Time Out for Baby Dolly

My three year old strolls into the kitchen, one arm swinging, gaze forward, saying in a nonchalant tone, “My baby dolly is in time out”. She walks toward her play kitchen, looking every bit like a mother set on cooking dinner, time outs be damned.

“Why is she in time out?” I ask, dicing carrots next to her. And with a shake of her head, disappointment clear in her voice and movements, “Because she said shit”. She looked up. I laughed. And because I didn’t believe it (baby dolly has always been so well behaved), I ask again, “What did she say?” With a twinge of annoyance, body still facing forward toward her pretend sink, she looks up very casually, “Shit, Mama. Baby dolly said shit.”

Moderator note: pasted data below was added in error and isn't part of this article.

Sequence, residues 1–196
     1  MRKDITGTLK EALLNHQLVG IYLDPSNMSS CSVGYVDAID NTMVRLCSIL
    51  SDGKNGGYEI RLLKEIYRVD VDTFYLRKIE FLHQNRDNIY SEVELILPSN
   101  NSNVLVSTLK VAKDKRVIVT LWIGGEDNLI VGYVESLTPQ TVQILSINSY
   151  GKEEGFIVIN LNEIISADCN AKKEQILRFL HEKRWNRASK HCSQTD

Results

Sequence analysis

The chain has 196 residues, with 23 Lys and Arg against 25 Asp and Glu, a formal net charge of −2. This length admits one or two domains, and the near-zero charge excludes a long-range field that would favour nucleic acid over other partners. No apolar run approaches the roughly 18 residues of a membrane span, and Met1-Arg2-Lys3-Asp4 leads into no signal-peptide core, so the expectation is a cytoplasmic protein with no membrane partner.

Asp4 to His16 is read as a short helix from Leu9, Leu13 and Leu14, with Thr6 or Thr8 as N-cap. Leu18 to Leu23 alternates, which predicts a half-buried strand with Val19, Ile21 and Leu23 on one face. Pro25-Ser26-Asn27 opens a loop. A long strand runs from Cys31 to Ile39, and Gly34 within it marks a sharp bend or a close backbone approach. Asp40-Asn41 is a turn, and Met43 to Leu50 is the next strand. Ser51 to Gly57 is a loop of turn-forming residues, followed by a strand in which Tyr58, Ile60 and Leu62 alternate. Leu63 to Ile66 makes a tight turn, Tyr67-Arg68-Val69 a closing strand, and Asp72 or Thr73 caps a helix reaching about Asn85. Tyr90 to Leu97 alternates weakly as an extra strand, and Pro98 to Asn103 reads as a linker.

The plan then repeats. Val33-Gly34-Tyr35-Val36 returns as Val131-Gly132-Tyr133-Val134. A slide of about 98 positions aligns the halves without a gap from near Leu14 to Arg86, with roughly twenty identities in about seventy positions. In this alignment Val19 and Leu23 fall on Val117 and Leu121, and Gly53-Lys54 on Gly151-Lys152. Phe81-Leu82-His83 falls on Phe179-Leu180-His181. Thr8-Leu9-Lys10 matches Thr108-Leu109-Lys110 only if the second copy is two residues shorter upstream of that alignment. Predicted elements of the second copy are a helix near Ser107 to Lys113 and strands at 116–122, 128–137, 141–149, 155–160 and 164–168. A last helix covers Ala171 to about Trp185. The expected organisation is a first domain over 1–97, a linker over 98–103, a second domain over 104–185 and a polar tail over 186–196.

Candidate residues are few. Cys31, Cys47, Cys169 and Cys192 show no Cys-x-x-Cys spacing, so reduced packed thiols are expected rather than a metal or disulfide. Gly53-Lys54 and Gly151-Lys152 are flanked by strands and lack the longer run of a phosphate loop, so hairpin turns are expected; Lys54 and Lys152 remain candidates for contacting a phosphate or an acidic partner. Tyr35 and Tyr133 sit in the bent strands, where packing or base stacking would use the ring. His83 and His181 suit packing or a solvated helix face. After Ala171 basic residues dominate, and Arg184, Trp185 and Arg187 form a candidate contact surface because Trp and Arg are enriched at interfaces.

I am half-grinning as I try to explain exactly how naughty of a word that is. I am not at all articulate and finally ask, “Well, where did baby dolly learn that word?” Her response? “Daddy. When he’s driving.”

So, now we have a plastic baby who has a swearing problem, a comedian of a girl who tells this story often because it gets a chuckle every time, and a dada who–with a smile–denies ever having said such a word.

Being Big

We sat in the car while Ben ran into the bakery. I turned around to face my daughter, and as I did, the conversation began with her counting. Starting slowly: Onnnnnnne, Twwwo…and then ending with a blur of gusto: Threefourfivesixseven… and into eventual gibberish. I reminded her that she was two despite all the counting she would do. Besides, I explained, I like her being two.

Linnea: But, I want to be big, Mama

Me: Why, L.E.?

Linnea: So, I can drink beer, and eat wine.

Me: Eat wine?

Linnea: No, mama. DRINK wine. (said so confidently that I think she convinced herself I made the mistake.)